Katy Balls Katy Balls

The Tory cigarette rebellion will likely go up in smoke

Credit: Getty Images

Back when Rishi Sunak was trying to pitch himself as the change candidate, he used his party conference speech in October to announce three big policies: the scrapping of HS2, a ‘new Baccalaureate-style qualification’ to replace A-levels and a plan to create the first smoke free generation. The latter idea was inspired by a similar policy introduced in New Zealand by the Labour party that has since been scrapped after the conservative National party triumphed in the recent election. Despite this, Sunak plans to press on and today on a visit to a school will announce further measures to ‘protect children’s health’ when it comes to vapes.

The government plans to ban disposable vapes for everyone, following a consultation looking at the number of children taking up vaping. Recent figures suggest that the number of children using vapes over the past three years has tripled, with 9 per cent of 11 to 15 year-olds now using vapes. As well as banning disposable vapes (which are seen as the most appealing to children), the government wants new powers to restrict certain flavours, such as ‘pink lemonade’, and to introduce plain packaging to reduce their appeal.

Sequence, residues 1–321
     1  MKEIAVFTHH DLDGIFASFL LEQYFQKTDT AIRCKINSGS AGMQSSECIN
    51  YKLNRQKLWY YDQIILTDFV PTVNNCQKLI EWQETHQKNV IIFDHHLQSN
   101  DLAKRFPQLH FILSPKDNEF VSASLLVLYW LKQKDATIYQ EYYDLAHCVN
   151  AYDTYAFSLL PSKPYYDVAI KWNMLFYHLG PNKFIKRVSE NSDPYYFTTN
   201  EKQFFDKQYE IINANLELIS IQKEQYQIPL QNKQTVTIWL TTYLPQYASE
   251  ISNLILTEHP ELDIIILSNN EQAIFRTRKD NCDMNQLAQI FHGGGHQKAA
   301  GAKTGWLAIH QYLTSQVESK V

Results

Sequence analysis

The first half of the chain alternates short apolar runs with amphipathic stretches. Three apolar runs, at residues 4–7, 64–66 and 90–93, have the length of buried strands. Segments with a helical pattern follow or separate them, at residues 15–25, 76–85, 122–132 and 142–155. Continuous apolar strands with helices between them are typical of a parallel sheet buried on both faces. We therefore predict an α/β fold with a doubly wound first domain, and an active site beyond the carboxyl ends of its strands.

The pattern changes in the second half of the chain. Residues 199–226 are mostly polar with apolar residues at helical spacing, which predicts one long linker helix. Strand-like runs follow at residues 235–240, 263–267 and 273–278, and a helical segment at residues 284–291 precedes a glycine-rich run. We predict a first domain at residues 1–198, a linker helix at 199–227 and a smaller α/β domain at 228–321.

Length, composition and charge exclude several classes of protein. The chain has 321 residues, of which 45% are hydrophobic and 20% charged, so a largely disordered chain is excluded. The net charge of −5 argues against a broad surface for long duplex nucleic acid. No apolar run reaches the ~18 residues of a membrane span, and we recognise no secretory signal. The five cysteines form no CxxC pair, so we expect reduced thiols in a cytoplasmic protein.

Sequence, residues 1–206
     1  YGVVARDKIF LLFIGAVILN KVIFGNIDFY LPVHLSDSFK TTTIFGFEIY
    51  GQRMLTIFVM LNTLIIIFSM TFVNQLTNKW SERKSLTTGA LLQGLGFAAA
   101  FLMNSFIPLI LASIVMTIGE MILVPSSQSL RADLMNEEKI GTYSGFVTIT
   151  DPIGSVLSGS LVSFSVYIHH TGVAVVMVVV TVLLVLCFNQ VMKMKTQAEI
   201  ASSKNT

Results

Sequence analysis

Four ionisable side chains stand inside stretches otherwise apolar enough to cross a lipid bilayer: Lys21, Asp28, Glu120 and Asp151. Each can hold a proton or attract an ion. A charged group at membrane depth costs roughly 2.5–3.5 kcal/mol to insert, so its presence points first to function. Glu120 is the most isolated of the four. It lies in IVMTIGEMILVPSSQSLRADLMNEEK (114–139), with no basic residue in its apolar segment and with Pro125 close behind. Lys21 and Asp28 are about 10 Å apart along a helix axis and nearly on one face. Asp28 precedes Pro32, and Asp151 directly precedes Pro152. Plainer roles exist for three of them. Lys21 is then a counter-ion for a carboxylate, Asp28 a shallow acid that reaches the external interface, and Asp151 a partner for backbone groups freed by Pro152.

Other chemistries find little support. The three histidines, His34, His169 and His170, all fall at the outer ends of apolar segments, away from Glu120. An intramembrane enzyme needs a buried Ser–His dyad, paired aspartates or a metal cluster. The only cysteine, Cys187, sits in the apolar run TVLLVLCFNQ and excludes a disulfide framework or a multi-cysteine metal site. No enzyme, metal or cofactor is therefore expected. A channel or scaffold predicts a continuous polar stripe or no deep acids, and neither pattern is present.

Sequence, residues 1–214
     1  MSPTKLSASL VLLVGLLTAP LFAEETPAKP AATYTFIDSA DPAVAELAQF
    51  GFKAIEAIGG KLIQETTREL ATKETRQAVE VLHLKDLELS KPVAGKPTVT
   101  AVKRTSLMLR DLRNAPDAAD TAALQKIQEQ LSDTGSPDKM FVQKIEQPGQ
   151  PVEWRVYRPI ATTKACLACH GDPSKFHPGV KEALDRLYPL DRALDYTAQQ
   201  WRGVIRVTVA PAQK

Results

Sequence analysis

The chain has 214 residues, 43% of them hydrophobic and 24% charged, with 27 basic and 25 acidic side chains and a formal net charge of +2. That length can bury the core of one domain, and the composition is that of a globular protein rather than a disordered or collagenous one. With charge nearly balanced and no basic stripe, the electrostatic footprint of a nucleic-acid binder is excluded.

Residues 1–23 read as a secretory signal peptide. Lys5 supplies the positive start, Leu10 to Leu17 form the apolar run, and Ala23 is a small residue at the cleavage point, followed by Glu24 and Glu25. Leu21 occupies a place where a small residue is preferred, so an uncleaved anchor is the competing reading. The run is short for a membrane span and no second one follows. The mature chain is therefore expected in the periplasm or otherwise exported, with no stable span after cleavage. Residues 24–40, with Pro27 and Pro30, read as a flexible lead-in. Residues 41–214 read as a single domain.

One of the other criticisms from MPs is that Sunak is rushing the policy through so he has a legacy from his premiership

With this announcement, Sunak is also recommitting to his initial pledge of a new law that will make it illegal to sell tobacco products to anyone born on or after 1 January 2009. This is despite calls by Tory MPs for Sunak to think again. They are arguing that it constitutes a new type of illiberalism to make it so that someone born on 1 January 2009 can never buy a cigarette, even at the age of 80, when a sibling older by just one year could smoke as much as they liked into old age.

Already a subscriber? Log in

Keep reading with a free trial

Subscribe and get your first month of online and app access for free. After that it’s just £1 a week.

There’s no commitment, you can cancel any time.


Unlock more articles



Don't miss out

Join the conversation with other Spectator readers. Subscribe to leave a comment.

Already a subscriber? Log in